Many of the concerns about Australia’s centralised digital health records are real, but the abstract, hand-wavey arguments aren’t persuading people outside the digital privacy bubble.
Managing Vulnerabilities in a Cloud Native World
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We will review platforms delivering Security Posture Management and Workload Protection for Microservice based and Hybrid Cloud Workloads.
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Security Tools Help Bring Dev and Security Teams Together
Software development teams are increasingly focused on identifying and mitigating any issues as quickly and completely as possible. This relates not only to software quality but also software security. Different organizations are at different levels when it comes to having their development teams and security teams working in concert, but the simple fact remains that there are far more developers out there than security engineers.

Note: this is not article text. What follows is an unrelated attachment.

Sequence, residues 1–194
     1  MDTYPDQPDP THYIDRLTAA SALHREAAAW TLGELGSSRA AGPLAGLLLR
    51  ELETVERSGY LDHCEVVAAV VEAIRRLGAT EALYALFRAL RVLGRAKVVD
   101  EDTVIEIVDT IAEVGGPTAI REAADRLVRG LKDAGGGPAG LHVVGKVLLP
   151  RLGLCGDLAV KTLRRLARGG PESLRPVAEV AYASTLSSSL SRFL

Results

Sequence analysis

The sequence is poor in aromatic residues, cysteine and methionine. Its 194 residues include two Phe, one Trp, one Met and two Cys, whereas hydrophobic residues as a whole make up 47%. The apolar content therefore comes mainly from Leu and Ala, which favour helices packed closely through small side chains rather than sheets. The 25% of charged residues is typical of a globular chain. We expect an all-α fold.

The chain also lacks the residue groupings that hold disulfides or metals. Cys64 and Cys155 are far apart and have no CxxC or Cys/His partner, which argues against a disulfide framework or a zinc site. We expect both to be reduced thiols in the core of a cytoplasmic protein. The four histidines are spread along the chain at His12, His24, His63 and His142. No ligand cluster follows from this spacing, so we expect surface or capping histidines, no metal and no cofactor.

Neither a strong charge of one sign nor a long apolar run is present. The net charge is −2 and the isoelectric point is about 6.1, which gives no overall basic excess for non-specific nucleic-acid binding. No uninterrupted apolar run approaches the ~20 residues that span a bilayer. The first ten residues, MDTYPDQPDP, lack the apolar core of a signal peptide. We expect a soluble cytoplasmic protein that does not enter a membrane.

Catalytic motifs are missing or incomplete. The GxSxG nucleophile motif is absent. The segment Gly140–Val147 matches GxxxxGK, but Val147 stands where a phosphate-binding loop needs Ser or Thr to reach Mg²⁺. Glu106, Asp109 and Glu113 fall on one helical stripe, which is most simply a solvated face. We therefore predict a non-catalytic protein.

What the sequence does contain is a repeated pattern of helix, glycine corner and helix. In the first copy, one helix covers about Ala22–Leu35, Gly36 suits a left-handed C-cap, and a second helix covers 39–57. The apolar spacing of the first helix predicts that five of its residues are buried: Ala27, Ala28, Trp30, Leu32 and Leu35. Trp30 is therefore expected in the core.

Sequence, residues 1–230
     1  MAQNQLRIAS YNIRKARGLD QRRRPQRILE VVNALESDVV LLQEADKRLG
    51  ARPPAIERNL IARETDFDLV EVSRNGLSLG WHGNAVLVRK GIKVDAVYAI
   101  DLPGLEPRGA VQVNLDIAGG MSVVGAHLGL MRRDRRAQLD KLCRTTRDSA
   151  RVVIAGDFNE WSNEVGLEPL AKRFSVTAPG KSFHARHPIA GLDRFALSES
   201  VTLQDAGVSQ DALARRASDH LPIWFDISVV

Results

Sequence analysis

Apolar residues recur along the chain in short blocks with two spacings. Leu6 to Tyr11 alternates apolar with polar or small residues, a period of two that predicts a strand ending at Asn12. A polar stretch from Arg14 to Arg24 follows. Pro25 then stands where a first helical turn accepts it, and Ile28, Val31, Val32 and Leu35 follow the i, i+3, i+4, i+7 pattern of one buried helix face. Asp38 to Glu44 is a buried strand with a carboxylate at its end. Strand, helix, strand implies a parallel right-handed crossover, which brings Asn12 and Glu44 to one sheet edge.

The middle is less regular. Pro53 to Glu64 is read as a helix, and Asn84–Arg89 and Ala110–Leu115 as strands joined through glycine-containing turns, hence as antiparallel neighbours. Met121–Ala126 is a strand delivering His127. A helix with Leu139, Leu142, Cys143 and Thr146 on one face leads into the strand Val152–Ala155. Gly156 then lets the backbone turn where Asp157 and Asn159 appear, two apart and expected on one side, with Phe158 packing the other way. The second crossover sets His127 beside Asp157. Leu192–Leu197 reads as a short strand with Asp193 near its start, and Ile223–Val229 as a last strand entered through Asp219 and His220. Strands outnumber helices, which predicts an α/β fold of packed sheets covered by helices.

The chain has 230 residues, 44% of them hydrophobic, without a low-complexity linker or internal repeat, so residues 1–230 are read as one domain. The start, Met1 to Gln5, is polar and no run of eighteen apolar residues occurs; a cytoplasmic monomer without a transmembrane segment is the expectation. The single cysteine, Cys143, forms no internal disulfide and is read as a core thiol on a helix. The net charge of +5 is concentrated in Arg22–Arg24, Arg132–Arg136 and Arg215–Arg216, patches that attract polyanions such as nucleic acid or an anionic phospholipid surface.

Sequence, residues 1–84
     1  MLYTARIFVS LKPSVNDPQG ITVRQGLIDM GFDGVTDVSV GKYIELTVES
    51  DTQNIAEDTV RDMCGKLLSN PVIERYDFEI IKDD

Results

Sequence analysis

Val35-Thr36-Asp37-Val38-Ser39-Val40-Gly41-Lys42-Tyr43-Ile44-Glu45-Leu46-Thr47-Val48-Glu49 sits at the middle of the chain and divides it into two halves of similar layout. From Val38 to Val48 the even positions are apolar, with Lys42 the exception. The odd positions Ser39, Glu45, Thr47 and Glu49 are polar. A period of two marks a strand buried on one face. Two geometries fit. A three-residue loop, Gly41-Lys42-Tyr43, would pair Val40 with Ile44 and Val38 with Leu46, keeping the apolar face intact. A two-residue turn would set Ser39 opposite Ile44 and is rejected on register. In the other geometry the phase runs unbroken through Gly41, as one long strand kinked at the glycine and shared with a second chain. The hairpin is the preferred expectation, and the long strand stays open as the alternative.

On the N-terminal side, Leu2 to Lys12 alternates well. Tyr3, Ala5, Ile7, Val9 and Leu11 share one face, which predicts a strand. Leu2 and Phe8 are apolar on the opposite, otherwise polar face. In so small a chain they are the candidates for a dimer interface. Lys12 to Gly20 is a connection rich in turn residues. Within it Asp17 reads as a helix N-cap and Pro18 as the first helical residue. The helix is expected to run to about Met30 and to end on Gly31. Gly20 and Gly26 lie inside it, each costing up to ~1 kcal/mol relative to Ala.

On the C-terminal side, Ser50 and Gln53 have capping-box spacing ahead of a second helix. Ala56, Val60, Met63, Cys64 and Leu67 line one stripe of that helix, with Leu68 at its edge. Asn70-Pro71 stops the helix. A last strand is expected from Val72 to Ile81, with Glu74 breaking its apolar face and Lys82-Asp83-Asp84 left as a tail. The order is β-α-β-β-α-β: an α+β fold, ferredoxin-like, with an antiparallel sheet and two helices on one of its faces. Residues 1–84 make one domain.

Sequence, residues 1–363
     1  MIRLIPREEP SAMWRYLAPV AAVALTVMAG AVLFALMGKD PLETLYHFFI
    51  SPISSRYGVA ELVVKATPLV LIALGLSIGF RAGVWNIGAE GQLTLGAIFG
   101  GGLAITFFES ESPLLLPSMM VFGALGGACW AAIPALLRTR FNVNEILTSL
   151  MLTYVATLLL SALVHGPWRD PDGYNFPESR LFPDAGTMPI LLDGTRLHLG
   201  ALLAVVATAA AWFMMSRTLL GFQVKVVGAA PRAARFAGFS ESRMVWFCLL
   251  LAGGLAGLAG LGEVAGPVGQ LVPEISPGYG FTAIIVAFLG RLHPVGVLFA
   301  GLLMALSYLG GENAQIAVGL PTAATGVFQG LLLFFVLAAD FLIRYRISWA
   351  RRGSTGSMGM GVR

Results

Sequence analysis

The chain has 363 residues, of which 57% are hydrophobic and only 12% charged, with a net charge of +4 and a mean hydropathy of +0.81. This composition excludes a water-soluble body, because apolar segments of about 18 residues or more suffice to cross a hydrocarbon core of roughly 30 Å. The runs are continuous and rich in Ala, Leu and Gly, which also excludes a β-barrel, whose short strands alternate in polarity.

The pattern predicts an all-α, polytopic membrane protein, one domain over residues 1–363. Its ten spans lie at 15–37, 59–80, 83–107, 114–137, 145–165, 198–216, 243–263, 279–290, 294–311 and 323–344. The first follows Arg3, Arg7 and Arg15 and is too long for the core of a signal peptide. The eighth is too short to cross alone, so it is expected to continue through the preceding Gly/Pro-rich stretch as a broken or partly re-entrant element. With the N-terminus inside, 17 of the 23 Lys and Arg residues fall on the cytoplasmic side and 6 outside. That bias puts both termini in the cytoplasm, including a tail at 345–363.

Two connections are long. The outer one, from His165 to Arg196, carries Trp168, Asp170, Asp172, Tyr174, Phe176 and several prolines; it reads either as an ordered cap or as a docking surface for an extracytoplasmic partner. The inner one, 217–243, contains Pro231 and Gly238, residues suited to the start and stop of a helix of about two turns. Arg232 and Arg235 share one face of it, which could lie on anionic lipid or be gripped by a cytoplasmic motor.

Those factors are leading organizations to consider security tooling and automation to proactively discover and resolve any software security issues throughout the development process. In the recent report, “GigaOm Radar for Developer Security Tools,” Shea Stewart examines a roundup of security tools aimed at software development teams.
Stewart identified three critical criteria to bear in mind when evaluating developer security tools. These include:
- Vendors providing tools to improve application security can and should also enhance an organization’s overall security posture.
- The prevailing “shift-left” mindset doesn’t necessarily mean the responsibility for reducing risk should shift to development, but instead focusing on security earlier in the process and continuing to do so throughout the development process will reduce risk and the need for extensive rework.
- Security throughout the entire software development lifecycle (SDLC) is critical for any organization focused on reducing risk.
Figure 1. How Cybersecurity Applies Across Each Stage of the Software Development Lifecycle *Note: This report focuses only on the Developer Security Tooling area